A time for wood and for cardboard

Posted: Friday, July 11, 2003

On the WaterfrontBy Elton Engstrom

There is a memorable saying in chapter three of Ecclesiastes: "To everything there is a season." As a person looks back on 40 or 50 years, it is not only interesting to mark the seasons, but to measure the transition from one way of life to another.

In the 1940s, if you wanted to go to Seattle, you took the Alaska Steamship line or one of the Canadian ships. A few years later, you flew with Pan American World Airways.

If you had an urgent message to send to New York or Chicago, you wouldn't have used a telephone. You walked up to the office of the Alaska Communication System on the first floor of the present state capitol building. You could send a wire or telegram, to be delivered the next morning in those far-off cities.

As mundane a subject as how to box everything we use has changed dramatically in our own lifetimes. For hundreds of years, people used raw lumber to ship all of their produce and supplies. This lumber was made into boxes and barrels. Some of the bigger barrels were called tierces in Alaska, and the sides of large king salmon were layered with salt to make a load over a thousand pounds.

When I first started to buy fish in Juneau, after my father passed away in 1963, one of my urgent tasks was to go out the Montana Creek Road, to visit a sawmill and arrange several loads of freshly cut lumber. We made the lumber into boxes of a hundred, 200 and 400 pounds to pack frozen salmon and halibut. Each of the boxes was nailed together, with the top open. After getting a dip in a tank of fresh water to give them a bright protective glaze, the fish were placed in the crates, which were then nailed shut.

When a president violently loses his life, the memory is seared on the national consciousness, so that people often remember what they were doing when they first heard the tragic news. I was checking off 400-pound wooden boxes filled with whale halibut, which were then wheeled out to dockside and swung into the hold of a freezer ship, when I heard that President Kennedy had died.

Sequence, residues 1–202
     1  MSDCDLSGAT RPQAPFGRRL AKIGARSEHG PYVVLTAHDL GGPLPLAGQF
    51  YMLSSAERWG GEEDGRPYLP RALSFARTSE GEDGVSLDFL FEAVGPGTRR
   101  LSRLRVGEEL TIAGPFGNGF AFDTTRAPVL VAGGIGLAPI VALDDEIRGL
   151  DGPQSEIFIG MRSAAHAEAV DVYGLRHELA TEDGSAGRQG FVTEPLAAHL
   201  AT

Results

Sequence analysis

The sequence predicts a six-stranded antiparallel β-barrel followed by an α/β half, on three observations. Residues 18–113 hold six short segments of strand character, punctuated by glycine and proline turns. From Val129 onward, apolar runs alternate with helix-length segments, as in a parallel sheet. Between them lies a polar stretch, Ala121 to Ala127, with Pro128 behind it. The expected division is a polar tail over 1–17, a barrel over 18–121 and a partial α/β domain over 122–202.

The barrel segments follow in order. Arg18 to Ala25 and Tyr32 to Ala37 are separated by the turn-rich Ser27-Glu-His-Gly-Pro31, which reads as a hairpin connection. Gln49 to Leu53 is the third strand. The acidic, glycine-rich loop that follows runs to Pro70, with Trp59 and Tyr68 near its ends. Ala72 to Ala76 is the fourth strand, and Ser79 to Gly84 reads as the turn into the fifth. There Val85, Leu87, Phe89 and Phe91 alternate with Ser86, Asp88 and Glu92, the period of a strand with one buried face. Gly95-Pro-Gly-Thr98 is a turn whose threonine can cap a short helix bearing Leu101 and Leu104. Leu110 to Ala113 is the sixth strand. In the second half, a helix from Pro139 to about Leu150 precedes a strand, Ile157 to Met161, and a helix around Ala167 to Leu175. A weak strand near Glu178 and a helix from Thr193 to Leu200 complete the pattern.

In the fish business, change happened the next year. The plants in Alaska all started to use cardboard boxes to ship the fish. All across America, the age of wooden boxes and barrels disappeared.

We used to have dairies in Juneau to furnish the milk and ice cream, but when barge service from Seattle became available, that way of life also vanished. In 1951, I worked for George Danner at the plant that processed the milk. It was located where the alternative school is today, right across from Harri's Fishing and Plumbing Supply on 12th Street. Eddy Nielson made the ice cream, and I was the clean-up man hired out of the freshman high school class.

Changes sometimes pass so quickly we seem not to notice. But as the preacher of Ecclesiastes said, there is a time to mourn, but there is also a time to dance.

• Elton Engstrom is a lifelong Alaskan, retired fish-buyer, lawyer and legislator (1964-70) who lives in Juneau. He can be reached at 586-1655.



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